Last year, a study group in which I participate each fall chose African theology as its topic for 2016. We will meet in November to discuss our findings. I was asked to research the state of Unitarian Universalism in Africa. Did you know we have Unitarian Universalist congregations in Africa?
There aren’t many, but there is an emerging interest and enthusiasm for our faith. Perhaps it is our liberating theology that affirms that all are loved. Perhaps it is our inclusive culture of acceptance. Whatever the case, these churches are interested in being in partnership with the North American UU community. It is time we get to know them as well as they know us.
Perhaps not surprisingly, historically the strongest cluster of Unitarian churches is in South Africa, with congregations in Cape Town, Duban, Somerset, and Johannesburg. It’s also not surprising that the congregation in Cape Town was actively involved in the anti-apartheid movement, and its previous minister, Rev. Gordon Oliver, had been the mayor of Cape Town in the final days of apartheid. Two days after Oliver was sworn in, police killed dozens of peaceful Black protesters, and Oliver responded by attending the memorial service and pledging to join Archbishop Desmond Tutu on a banned protest march. Oliver was often a liaison between the African National Congress and the national government of South Africa.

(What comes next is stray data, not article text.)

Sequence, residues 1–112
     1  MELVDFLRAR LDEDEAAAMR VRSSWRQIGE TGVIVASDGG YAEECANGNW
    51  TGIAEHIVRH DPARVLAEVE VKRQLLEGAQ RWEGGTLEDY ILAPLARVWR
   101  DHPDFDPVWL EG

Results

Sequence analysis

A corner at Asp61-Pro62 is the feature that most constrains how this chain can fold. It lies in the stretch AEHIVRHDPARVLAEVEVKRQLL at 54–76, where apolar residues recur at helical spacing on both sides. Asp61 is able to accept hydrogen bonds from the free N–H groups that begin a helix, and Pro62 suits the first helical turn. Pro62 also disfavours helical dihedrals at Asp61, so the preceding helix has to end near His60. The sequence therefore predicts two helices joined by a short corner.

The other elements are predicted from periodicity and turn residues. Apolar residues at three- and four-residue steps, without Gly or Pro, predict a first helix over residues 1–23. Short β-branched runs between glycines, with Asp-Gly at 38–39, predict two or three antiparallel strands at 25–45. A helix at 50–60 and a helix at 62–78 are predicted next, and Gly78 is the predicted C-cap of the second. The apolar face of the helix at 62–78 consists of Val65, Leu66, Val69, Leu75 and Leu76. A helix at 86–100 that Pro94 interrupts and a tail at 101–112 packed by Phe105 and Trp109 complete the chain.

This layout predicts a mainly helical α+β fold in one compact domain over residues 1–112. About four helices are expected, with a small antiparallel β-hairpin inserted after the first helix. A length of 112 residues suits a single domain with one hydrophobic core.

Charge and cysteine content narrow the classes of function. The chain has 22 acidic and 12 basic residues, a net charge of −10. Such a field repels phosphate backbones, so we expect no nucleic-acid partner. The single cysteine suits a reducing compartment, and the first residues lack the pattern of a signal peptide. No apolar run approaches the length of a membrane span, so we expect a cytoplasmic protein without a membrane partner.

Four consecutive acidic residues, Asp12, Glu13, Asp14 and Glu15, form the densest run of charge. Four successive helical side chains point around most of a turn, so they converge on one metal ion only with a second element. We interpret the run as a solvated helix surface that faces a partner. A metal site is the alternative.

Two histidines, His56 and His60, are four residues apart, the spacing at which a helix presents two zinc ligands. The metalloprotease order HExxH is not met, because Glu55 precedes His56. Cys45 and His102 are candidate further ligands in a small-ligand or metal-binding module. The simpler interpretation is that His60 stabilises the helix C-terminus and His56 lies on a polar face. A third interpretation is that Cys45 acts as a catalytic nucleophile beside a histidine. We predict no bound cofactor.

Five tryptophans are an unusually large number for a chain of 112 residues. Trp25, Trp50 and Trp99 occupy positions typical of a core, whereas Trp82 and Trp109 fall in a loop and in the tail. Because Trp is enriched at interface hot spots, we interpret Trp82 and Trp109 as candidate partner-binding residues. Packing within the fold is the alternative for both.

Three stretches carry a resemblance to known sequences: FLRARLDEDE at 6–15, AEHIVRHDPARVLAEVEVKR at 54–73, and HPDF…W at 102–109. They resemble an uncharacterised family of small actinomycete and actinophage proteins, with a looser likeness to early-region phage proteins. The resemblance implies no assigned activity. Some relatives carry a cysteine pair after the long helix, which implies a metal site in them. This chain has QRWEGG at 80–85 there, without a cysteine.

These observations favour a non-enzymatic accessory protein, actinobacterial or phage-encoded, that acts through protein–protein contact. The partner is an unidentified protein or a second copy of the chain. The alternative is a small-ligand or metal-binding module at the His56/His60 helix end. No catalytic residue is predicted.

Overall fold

Emerging clusters of Unitarian Universalist churches are springing up in other parts of Africa. In East Africa, there are 12 groups of Unitarian Universalists: nine in Kenya; two in Uganda, and one in Burundi. In West Africa, there is a strong congregation in Lagos, Nigeria, with roots going back almost 100 years.
My exploration will reach out to the ministers and organizers of these diverse congregations, and I will be sharing some of the results of my research, and the fruits of what African Unitarian Universalists bring to our larger movement, during the service on August 21.